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Last Chance to Observe Sunlit SMART-1 Impact Site before Impact

Last Chance to Observe Sunlit SMART-1 Impact Site before Impact

18 August 2006

With the Moon now in its last crescent phase, visible after midnight and before sunset, the next nights offer the last chance to make ground-based observations of the SMART-1 impact site in sunlight.

Reconnaissance view of the Moon on 20 August at 00:00 UT, showing a large area around the nominal SMART-1 impact site.

18-19 August
In the nights of 18 and 19 August 2006, observations can be used for reconnaissance maps of the surface features, possibly in various colours.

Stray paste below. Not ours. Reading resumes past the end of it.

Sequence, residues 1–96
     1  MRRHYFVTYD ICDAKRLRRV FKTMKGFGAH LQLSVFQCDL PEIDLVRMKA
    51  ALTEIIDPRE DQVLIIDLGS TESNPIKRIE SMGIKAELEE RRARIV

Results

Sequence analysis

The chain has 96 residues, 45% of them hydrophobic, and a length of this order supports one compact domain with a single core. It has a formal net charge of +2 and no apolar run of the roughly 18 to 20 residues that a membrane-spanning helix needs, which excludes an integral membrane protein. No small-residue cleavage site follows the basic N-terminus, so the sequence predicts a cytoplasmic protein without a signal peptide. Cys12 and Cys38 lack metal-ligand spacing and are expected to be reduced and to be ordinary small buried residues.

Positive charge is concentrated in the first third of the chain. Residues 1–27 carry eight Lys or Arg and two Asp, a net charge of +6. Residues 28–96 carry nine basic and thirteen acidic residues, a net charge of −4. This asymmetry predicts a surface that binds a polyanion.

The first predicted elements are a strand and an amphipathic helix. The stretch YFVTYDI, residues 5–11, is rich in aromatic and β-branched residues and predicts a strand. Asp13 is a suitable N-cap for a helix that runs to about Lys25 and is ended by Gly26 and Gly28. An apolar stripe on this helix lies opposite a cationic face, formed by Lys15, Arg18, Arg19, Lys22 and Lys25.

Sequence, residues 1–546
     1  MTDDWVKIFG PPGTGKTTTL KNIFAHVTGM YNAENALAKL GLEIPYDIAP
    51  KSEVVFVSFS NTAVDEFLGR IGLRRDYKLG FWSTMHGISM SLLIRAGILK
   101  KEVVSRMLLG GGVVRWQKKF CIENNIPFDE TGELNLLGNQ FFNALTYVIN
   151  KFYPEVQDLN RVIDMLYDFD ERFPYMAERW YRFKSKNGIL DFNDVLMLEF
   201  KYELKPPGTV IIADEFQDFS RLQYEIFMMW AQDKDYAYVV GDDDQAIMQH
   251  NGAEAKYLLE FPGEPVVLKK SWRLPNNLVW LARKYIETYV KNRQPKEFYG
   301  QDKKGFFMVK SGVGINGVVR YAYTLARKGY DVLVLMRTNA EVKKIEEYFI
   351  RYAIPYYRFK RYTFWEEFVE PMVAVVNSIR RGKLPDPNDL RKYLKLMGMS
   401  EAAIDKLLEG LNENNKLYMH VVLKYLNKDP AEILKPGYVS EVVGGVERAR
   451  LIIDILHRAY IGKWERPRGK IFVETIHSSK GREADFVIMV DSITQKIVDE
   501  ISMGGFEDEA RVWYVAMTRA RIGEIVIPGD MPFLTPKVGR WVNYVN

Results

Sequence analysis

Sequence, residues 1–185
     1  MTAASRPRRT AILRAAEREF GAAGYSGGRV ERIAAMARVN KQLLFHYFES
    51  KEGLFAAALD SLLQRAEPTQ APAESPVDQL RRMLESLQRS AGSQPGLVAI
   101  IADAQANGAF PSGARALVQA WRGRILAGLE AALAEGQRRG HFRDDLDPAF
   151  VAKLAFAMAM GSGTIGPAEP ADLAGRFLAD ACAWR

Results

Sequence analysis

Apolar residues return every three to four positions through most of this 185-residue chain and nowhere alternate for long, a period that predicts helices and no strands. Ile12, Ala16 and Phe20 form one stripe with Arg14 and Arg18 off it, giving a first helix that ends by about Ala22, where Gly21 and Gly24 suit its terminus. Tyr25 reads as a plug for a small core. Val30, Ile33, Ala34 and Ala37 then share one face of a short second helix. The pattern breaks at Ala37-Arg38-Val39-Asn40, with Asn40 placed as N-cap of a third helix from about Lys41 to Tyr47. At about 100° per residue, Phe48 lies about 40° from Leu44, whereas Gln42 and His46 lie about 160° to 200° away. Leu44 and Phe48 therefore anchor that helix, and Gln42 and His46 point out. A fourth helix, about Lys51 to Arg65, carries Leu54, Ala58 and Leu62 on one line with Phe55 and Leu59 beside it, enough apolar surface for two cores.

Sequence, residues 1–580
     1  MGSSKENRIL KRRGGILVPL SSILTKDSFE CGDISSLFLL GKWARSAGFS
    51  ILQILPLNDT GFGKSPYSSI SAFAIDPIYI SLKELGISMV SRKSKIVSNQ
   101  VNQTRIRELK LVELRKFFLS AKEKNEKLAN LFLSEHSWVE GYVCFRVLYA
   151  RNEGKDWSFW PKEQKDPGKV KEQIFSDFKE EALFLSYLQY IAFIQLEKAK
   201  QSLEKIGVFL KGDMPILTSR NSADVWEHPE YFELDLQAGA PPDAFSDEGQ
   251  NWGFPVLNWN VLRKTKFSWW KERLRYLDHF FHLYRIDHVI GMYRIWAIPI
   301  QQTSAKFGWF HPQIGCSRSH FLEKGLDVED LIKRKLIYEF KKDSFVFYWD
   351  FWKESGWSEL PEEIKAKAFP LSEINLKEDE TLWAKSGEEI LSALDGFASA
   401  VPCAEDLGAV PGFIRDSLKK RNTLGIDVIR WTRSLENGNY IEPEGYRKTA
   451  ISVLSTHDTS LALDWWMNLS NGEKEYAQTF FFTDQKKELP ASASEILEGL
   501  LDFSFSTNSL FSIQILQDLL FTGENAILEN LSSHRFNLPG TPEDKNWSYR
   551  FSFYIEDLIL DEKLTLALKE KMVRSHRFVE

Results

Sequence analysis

20 August
On 20 August the terminator will be near Lacus Excellentiae, the region where SMART-1 is scheduled to impact the surface on 3 September. This is a perfect opportunity to map the long shadows over the still uncertain topography of the area. Amateur and professional astronomers are encouraged to image the areas at these dates for a detailed analysis of the area's relieves.

21 August
On 21 August the terminator will have passed Lacus Excellentiae and the region will no longer receive direct sunlight, but it will be well illuminated by Earthshine, with Earth presenting a gibbous face. Ground observations on this date can be a good rehearsal to recognise the potential sites of impact in Earthshine, in preparation for observations on the night of impact itself.

On 4 September, the SMART-1 impact site will move into direct sunlight again as the terminator crosses Lacus Excellentiae. This allows searching for the SMART-1 ejecta blanket by comparing new observations with those made prior to impact.

Last Update: 1 September 2019
8-Mar-2021 01:14 UT

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